"A recent milestone for us in this regard is achieving Part 129 Operation Specification approval from the US Federal Aviation Administration for GetJet Airlines Latvia," he said, adding that this "opens up new possibilities for us to operate in the United States."

While Celiadin is pretty comfortable with his market position right now, he acknowledges some challenges. Last year, crew shortages were a significant issue for GetJet. This year, delays from OEMs have impacted product sales. There are also ongoing engine issues and other disruptions in the supply chain.

However, many of his competitors are in a more problematic position, he thinks. "Many of our major competitors are currently grappling with extremely pricey aircraft lease extensions as short-term, favourable pandemic lease term contracts expire," he said. "This gives us a huge competitive advantage. Additionally, numerous client airlines are vying for the same types and vintages of aircraft as ACMI operators, which shifts our focus from merely selling our services to sourcing reasonably priced aircraft for our own fleet. Fortunately, we managed to secure most of our aircraft long before the surge in lease rates."

GetJet sources its aircraft from AerCap (two A320s + two B737s), Willis Lease Finance (one A320), World Star Aviation (four A320s + three B737s), and Magnetar Capital (one A321).

Playing a different game to competitors

GetJet's chairman says many competitors have flooded the market with aircraft to serve struggling airlines. "It's important to remember that this situation isn't guaranteed," he said. "Every ACMI operator must uphold fairness with lessors, crews, and major aviation suppliers by making long-term commitments and clearly outlining how they plan to fulfil them in the coming years. This includes addressing high lease and reserves rates, maintenance costs, engine risks, and redelivery costs."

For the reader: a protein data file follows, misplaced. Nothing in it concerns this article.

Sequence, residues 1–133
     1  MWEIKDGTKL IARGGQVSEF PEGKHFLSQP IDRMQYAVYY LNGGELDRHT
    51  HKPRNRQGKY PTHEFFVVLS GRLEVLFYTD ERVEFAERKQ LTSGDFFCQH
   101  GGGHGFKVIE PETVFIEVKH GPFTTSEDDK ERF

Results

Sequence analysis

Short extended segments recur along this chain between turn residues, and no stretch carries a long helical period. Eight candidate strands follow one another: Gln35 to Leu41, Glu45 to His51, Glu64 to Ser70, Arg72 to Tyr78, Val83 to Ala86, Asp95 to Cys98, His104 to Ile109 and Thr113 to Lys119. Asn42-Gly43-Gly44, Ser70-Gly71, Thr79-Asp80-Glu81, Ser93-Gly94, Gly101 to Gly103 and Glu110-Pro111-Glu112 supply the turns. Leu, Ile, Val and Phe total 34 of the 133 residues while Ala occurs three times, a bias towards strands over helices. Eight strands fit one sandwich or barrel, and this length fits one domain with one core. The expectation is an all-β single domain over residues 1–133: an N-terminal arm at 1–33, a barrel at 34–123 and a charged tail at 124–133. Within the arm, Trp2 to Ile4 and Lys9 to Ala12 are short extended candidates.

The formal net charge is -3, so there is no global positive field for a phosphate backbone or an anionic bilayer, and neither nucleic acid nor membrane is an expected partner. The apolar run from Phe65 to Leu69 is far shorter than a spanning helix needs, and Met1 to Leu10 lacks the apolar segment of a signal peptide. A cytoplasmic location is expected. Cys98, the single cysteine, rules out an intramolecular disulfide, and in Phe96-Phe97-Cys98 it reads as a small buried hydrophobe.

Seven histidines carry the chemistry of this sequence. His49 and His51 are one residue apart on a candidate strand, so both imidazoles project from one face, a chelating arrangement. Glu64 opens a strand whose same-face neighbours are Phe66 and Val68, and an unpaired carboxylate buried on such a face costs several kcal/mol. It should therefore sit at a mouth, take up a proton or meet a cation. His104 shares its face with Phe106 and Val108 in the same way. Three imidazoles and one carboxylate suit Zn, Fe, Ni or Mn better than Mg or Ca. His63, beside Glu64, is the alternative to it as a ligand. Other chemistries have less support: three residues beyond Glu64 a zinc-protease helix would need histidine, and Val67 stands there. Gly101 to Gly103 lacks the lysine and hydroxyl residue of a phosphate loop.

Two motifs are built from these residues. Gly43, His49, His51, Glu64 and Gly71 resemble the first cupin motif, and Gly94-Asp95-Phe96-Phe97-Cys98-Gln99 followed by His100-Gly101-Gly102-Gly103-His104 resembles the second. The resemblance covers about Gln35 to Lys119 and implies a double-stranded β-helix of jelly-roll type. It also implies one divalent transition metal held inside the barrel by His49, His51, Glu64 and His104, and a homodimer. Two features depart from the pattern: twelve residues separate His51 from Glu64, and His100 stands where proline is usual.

"Currently, it seems that few are taking these factors seriously, perhaps influenced by the get-out-of-jail-free cards and Chapter 11 strategies that the pandemic era provided to many in the industry. GetJet never played those games. We only make commitments when we can fulfil them over the long haul. That's probably the reason we have sustained the best premium product in the market for so many years."

"I'm confident that we'll see less significant competition in the future because I don't think the too-big-to-fail strategy can effectively sustain itself in our industry."

Celiadin says that, ultimately, customer airlines will always dictate ACMI prices, and it's up to supplier airlines like GetJet to be agile and efficient enough to respond. In May, GetJet posted its 2023 financial results, reporting a 70% increase in revenue to EUR176 million euros (USD190 million) and a 400% growth in profit to EUR28 million (USD30.2 million). At the time, CEO Rūta Kulvinskaitė said its agility and ability to supply aircraft at short notice when other competitors could not gave it a competitive edge had contributed to the financial performance.

"I think it's important to never forget where you come from," said Celiadin, who attributed the outcome to his employees, who he calls "the essence of the company." He highlights a focus on core business principles, such as focusing on the mission and delivering value, as well as strong asset and risk management practices, as important factors in GetJet's results. He also thinks it is important not to get too wrapped up in things, saying you can be professional without taking yourself too seriously. "At the end of the day, we're worth a few hundred million euros," he said. "Some people spend that on buying a yacht."